Described as the most authentic replica ship in the world, it took six years to construct from original plans and papers stored at the National Maritime Museum in Greenwich, south-east London, and was funded by the Endeavour Foundation in Fremantle, Western Australia.
The ship left Australia for its grand voyage to Britain last October and will now berth at Greenwich for two weeks before embarking on a coastal tour including stops at Great Yarmouth, Whitby, Inverness, Liverpool, Fishguard and Plymouth.
The first Endeavour was built in 1765 at Whitby, North Yorkshire, where Cook trained in maritime navigation. Although obliged by law to have radar and back-up engines, the modern counterpart is sailed in much the same way as when Cook left Britain in 1768. There are laminated masts and synthetic canvas, but below decks the modern Endeavour is arranged exactly as it was in his time.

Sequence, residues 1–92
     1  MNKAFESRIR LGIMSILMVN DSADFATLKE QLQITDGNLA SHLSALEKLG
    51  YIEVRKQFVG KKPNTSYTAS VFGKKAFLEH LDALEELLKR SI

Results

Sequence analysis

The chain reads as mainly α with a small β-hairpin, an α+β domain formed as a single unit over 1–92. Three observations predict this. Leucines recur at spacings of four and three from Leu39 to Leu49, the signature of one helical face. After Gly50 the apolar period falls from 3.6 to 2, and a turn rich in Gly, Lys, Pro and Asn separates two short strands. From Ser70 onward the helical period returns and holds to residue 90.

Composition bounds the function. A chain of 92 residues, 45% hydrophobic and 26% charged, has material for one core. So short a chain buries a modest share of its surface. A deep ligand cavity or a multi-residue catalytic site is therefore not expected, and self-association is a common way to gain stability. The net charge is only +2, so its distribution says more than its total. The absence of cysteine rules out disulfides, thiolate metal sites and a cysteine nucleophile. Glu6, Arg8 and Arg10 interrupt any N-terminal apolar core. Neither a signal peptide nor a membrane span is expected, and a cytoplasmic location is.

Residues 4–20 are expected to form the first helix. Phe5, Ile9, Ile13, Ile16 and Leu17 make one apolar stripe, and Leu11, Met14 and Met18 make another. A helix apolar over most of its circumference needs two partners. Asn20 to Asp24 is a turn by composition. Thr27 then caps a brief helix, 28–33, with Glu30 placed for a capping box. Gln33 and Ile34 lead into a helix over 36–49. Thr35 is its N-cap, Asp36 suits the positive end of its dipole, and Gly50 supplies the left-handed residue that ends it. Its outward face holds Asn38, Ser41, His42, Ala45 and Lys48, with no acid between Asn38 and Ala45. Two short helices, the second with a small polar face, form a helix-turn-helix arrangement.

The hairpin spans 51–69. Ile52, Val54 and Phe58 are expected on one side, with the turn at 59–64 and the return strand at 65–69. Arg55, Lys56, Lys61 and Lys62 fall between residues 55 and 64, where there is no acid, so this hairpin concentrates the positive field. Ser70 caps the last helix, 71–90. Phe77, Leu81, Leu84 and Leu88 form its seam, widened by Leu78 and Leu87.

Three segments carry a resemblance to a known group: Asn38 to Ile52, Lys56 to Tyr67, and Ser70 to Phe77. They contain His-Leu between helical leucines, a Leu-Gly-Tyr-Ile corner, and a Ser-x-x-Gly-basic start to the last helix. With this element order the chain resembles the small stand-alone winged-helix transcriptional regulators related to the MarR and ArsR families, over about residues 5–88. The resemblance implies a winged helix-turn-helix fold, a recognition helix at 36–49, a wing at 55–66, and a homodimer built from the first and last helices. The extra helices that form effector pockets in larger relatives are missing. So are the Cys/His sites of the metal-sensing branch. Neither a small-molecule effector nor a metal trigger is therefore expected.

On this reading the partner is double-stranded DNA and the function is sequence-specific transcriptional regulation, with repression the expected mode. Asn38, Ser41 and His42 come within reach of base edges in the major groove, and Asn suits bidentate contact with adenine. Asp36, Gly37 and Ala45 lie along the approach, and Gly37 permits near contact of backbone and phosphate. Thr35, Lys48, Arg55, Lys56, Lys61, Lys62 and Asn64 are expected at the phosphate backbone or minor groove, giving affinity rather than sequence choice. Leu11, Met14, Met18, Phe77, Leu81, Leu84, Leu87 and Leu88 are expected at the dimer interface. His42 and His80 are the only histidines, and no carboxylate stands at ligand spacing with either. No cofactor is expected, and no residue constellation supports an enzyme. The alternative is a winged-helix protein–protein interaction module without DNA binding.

This was the ship in which he set sail to observe the transit of Venus across the sun over Tahiti. In New Zealand, he and his crew became the first Europeans to record Maoris. Joining the very select band of Europeans to have visited Australia, in 1770 they discovered the east coast - setting the foundations for the colonisation of Australasia and seeing for the first time Aborigines, koalas and kangaroos.
But life on board was tough. Of the 94 men who sailed, only 41 survived the voyage and the ship came close to being wrecked as the crew struggled to navigate the Great Barrier Reef.
The Queen and the Duke of Edinburgh are due to visit the replica ship today. They will meet some of the 52 crew from Britain, Australia, New Zealand and South Africa, including some who have been on board for the full 115 days at a personal cost of pounds 4,500.
Places are still available for manning the ship as she sails between British ports. Applicants must be over 18, have some experience of the sea and a good head for heights.